What is the problem with multi-source data?
Whatever field your business operates in, you almost certainly depend on a whole range of different data sources for management, planning and forecasting. For instance, if you manufacture retail products then you’ll want to see your EPOS sales through different retailers; many companies use different codes to represent different time periods; and so on. Some of this data will take the form of free-form text and documents. Much more, though, will be “codified”, ie using a particular code to refer to a specific thing, such as “2016W01” to refer to 4th-10th January 2016.
Unfortunately, external sources will often use a different code from your internal one, making direct comparison impossible: this is, in a nutshell, the problem of multi-source data. The problem isn’t even limited to external sources: internal data can pose the same problem, sometimes as a result of acquiring another company but also due to differences of approach between departments over time.
Options for managing the problem
There are a number of options open to address this problem and allow your business to benefit from multi-source data, with varying degrees of success:
1. Ensure the data supplier uses your codes
If you can convince a data supplier to use your codes, that might that solve the problem. This can work if the data owner is specifically working on your behalf, or if they have already put the work in to managing it. However:
- You then need to continually liaise with them to ensure they have your internal data structures, which you may not want to do for security reasons
- Problems can be hard to spot, and you are at the provider’s mercy to resolve them if they do come up
- Your internal processes need to have reached a certain point to ensure that a single code is even available for them to use – some work might still be required at your end to allow this
2. Take a piecemeal approach
Can you just tackle the problems as they arise? It is not unusual to manage external data by having a local “Excel guru” or other expert create a spreadsheet or script to perform any necessary conversions. This may be fine for very small companies but, as the organisation grows, this approach runs a number of real risks:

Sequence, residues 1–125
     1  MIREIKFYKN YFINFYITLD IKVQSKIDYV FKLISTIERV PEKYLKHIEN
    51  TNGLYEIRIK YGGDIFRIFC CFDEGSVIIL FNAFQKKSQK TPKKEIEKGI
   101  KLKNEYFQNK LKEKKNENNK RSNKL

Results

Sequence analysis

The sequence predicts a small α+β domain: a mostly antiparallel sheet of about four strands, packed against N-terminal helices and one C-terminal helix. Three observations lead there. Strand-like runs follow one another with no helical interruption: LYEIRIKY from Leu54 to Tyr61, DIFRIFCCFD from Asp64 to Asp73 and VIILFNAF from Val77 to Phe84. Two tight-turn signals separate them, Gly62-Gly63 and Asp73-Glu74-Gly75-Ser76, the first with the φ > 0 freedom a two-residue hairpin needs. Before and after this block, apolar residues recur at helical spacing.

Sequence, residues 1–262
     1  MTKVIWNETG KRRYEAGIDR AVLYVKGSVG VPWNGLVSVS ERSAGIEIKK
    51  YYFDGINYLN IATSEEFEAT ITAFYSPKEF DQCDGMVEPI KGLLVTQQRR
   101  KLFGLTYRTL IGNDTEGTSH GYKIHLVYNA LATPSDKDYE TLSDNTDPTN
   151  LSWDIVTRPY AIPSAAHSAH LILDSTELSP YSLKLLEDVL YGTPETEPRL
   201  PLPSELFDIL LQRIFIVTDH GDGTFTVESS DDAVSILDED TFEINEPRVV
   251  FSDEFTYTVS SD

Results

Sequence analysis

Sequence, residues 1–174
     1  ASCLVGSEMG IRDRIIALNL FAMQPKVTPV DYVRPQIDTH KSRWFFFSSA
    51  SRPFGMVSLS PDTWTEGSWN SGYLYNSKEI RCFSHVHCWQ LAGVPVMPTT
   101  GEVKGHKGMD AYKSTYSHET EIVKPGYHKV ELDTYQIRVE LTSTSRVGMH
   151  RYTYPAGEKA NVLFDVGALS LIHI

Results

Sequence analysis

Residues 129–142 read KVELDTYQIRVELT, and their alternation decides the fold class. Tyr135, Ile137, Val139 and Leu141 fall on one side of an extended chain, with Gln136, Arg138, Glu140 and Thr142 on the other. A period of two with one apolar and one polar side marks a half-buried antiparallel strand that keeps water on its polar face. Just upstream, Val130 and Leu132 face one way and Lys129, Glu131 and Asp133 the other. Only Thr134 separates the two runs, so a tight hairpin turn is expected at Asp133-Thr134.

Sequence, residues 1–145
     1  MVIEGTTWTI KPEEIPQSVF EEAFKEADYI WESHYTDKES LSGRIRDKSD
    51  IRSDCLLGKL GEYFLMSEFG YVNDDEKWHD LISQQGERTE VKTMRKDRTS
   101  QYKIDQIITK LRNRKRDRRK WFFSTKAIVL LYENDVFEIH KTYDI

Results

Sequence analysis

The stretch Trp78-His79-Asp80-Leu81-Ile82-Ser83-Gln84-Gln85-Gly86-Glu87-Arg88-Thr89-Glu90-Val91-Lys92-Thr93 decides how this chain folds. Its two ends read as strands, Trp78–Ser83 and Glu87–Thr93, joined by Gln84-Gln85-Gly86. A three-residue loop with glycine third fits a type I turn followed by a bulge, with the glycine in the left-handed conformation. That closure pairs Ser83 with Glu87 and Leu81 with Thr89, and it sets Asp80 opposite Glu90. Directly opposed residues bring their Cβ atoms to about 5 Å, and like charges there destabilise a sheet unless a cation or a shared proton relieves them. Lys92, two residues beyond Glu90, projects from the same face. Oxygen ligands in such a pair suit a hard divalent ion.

- By making the different sources hard to work with, the opportunity to make the most of the data is lost or, at best, limited
- The company becomes uncomfortably dependent on the individual managing the process; if they leave, their (often incomprehensible) solution is left in limbo with nobody able to take it over
3. Tackle it head-on: the Golden Orb approach
We have helped a number of clients to make the most of multi-source data. Before describing our approach, we will start by defining a few terms for convenience:
- Dimension – the structure of the data. Examples of a possible dimension might include product, time, region and so on
- Source – where data comes from. Typically, companies have multiple sources, one or more of which are internal to the organisation
- Master data – the definitive list of values for a dimension. Different internal/external sources may use different codes to describe something, but the sources can be brought together by translating everything to a master code
- Mapping – the relationship between the code from a particular source and the master code
- Attribute – information about data, for example the start date of a time period. These are often useful to help set up mappings
- Hierarchy – many dimensions can be usefully viewed as a hierarchy, for instance the time dimension might contain years, quarters, months, weeks and days
An illustrative walk-through
To illustrate the process, here is a simple example. Consider a fictitious company “Aardvark Productions”, a recording label whose sell sell MP3s and CDs of music from their list of musicians through retailers and online. To manage their business, they want to understand their sales through various channels and how they respond to promotions.
They have an internal list of products – CDs, individual MP3s and certain merchandise. The main data sources they are interested in are sales on Amazon and iTunes, and listening through Spotify. The data is to be used by marketing, to be updated weekly. On this basis, they identify: